Realtor Designation Basics.
The term Realtor is a federally registered trademark that applies specifically to real estate professionals who are active members of the National Association of Realtors® (NAR).
Real estate agents who are not active NAR members cannot call themselves Realtors.
Is there a difference between a real estate agent and a Realtor?
To summarize a real estate agent vs Realtor, a real estate agent is a real estate professional with a valid license. Agents help people buy and sell both commercial and residential properties. Essentially, the difference between real estate agent and Realtor comes down to professional certifications.
Can a Realtor represent himself?
Technically no. A person holding a real estate sales persons license can only represent the broker. A client, whether they be a buyer or a seller has a contract with the broker. The agent, then acts on the brokers behalf in assisting the client (in this case themselves) to buy or sell a property.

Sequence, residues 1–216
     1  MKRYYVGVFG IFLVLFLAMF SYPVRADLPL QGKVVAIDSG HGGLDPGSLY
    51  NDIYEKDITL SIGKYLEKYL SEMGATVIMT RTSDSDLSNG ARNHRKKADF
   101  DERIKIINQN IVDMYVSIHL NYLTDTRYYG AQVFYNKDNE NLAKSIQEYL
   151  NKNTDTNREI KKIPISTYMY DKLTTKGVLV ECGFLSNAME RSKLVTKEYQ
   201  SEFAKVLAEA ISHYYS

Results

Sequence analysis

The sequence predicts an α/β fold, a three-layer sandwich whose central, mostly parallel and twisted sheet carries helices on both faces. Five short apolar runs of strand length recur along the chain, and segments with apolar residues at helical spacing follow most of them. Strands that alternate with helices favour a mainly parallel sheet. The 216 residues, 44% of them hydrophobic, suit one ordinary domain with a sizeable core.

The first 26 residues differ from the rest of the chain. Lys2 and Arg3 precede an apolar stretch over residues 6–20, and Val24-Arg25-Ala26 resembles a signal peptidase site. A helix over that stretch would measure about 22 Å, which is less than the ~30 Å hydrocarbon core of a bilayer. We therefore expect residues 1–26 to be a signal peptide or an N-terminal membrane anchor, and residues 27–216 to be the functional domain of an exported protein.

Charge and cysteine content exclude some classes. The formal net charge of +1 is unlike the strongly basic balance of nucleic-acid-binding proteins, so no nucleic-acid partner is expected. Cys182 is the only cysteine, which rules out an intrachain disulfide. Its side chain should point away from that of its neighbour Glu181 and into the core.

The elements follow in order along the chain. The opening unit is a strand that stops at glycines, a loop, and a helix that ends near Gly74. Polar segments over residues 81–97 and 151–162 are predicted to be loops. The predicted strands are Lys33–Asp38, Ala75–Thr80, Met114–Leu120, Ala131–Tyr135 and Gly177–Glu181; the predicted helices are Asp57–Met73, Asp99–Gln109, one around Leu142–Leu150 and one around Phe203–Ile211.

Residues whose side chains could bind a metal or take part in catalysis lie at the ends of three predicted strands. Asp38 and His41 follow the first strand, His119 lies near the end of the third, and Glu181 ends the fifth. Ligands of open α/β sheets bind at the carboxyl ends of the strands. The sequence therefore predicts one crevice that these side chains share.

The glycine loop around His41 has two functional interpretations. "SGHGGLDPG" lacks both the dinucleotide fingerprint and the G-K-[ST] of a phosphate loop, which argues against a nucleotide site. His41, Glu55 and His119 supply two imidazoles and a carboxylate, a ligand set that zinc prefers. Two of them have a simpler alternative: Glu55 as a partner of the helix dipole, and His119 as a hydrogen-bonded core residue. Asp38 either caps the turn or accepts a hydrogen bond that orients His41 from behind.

What does it mean to be a realtor?
The term REALTOR® has one, and only one, meaning: REALTOR® is a federally registered collective membership mark which identifies a real estate professional who is member of the NATIONAL ASSOCIATION OF REALTORS® and subscribes to its strict Code of Ethics.
Is the term Realtor trademarked?
The term REALTOR® is not only a trademark owned by NAR and protected by federal law, it’s a valuable membership benefit that distinguishes members from other real estate licensees.
Is becoming a realtor worth it?
Being a realtor is great if you like houses and enjoy working with people, but it’s not always the dream job some imagine it to be. Selling real estate is more work that you might imagine and, although there are some very successful real estate agents, there are many who struggle just to make ends meet.
How do you pick a realtor?
How to find a real estate agent
- Talk to a lender before you hire a real estate agent.
- Get referrals from your network.
- Research potential candidates.
- Interview at least three real estate agents.
- Request references — and check them.
- Go with your gut.
- Take a close look at your contract.